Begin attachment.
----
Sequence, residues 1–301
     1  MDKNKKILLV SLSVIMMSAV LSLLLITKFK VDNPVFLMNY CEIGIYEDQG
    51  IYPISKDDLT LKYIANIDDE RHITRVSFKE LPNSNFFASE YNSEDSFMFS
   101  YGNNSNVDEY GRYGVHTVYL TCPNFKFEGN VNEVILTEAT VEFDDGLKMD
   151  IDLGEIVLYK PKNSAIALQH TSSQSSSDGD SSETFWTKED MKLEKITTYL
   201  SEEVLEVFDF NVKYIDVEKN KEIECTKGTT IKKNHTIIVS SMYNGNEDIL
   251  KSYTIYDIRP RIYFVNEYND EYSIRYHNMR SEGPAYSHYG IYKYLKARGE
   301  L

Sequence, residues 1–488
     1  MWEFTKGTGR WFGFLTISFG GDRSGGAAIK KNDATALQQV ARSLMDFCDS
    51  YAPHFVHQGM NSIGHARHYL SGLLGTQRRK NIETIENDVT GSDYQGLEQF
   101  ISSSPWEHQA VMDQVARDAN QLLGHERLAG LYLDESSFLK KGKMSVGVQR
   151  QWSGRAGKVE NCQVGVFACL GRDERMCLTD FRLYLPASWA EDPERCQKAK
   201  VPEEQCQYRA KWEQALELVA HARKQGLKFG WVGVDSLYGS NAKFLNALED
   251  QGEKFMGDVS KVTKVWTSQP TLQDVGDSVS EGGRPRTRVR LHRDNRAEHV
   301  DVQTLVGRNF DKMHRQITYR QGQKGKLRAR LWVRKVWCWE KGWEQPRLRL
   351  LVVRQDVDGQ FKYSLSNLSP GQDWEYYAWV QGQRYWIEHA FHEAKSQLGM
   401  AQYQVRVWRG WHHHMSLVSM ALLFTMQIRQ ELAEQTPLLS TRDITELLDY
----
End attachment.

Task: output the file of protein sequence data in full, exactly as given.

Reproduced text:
Sequence, residues 1–301
     1  MDKNKKILLV SLSVIMMSAV LSLLLITKFK VDNPVFLMNY CEIGIYEDQG
    51  IYPISKDDLT LKYIANIDDE RHITRVSFKE LPNSNFFASE YNSEDSFMFS
   101  YGNNSNVDEY GRYGVHTVYL TCPNFKFEGN VNEVILTEAT VEFDDGLKMD
   151  IDLGEIVLYK PKNSAIALQH TSSQSSSDGD SSETFWTKED MKLEKITTYL
   201  SEEVLEVFDF NVKYIDVEKN KEIECTKGTT IKKNHTIIVS SMYNGNEDIL
   251  KSYTIYDIRP RIYFVNEYND EYSIRYHNMR SEGPAYSHYG IYKYLKARGE
   301  L

Sequence, residues 1–488
     1  MWEFTKGTGR WFGFLTISFG GDRSGGAAIK KNDATALQQV ARSLMDFCDS
    51  YAPHFVHQGM NSIGHARHYL SGLLGTQRRK NIETIENDVT GSDYQGLEQF
   101  ISSSPWEHQA VMDQVARDAN QLLGHERLAG LYLDESSFLK KGKMSVGVQR
   151  QWSGRAGKVE NCQVGVFACL GRDERMCLTD FRLYLPASWA EDPERCQKAK
   201  VPEEQCQYRA KWEQALELVA HARKQGLKFG WVGVDSLYGS NAKFLNALED
   251  QGEKFMGDVS KVTKVWTSQP TLQDVGDSVS EGGRPRTRVR LHRDNRAEHV
   301  DVQTLVGRNF DKMHRQITYR QGQKGKLRAR LWVRKVWCWE KGWEQPRLRL
   351  LVVRQDVDGQ FKYSLSNLSP GQDWEYYAWV QGQRYWIEHA FHEAKSQLGM
   401  AQYQVRVWRG WHHHMSLVSM ALLFTMQIRQ ELAEQTPLLS TRDITELLDY